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Real estate in the mixed-asset portfolio: the question of consistency

Lee, S. and Stevenson, S., (2004) Real estate in the mixed-asset portfolio: the question of consistency. Working Papers in Real Estate & Planning. 10/04. Working Paper. University of Reading, Reading. pp14.

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The recent poor performance of the equity market in the UK has meant that real estate is increasingly been seen as an attractive addition to the mixed-asset portfolio. However, determining whether the good return enjoyed by real estate is a temporary or long-term phenomenon is a question that remains largely unanswered. In other words, there is little or no evidence to indicate whether real estate should play a consistent role in the mixed-asset portfolio over short- and long-term investment horizons. Consistency in this context refers to the ability of an asset to maintain a positive allocation in an efficient portfolio over different holding periods. Such consistency is a desirable trait for any investment, but takes on particular significance when real estate is considered, as the asset class is generally perceived to be a long-term investment due to illiquidity. From an institutional investor’s perspective, it is therefore crucial to determine whether real estate can be reasonably expected to maintain a consistent allocation in the mixed-asset portfolio in both the short and long run and at what percentage. To address the question of consistency the allocation of real estate in the mixed-asset portfolio was calculated over different holding periods varying from 5- to 25-years.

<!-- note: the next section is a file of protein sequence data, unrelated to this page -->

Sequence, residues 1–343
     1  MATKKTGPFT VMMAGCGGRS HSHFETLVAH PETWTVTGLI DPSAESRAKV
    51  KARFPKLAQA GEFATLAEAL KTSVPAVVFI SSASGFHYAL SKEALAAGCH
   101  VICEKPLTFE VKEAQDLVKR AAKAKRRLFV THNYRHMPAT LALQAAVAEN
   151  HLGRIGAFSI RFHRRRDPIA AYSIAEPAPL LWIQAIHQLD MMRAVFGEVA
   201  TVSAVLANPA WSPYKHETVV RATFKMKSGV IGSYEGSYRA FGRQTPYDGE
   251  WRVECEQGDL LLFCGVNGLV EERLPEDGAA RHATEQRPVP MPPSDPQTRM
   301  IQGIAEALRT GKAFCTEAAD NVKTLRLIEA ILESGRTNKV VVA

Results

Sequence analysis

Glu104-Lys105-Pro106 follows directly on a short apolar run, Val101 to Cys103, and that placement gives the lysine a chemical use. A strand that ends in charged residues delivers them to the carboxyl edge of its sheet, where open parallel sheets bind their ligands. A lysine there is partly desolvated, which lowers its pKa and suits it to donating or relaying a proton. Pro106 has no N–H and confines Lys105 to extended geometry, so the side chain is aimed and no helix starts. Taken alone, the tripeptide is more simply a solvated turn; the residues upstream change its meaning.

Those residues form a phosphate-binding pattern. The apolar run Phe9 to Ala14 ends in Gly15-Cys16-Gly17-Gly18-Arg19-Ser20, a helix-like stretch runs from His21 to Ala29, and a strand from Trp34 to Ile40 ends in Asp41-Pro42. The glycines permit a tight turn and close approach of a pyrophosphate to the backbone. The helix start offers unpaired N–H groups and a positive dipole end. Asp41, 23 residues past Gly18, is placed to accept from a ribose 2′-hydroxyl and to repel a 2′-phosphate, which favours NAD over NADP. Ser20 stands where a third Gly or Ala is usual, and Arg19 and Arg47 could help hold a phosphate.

Item Type:Report (Working Paper)
Divisions:Henley Business School > Real Estate and Planning
ID Code:21527
Publisher:University of Reading
Publisher Statement:The copyright of each working paper remains with the author. If you wish to quote from or cite any paper please contact the appropriate author; in some cases a more recent version of the paper may have been published elsewhere.


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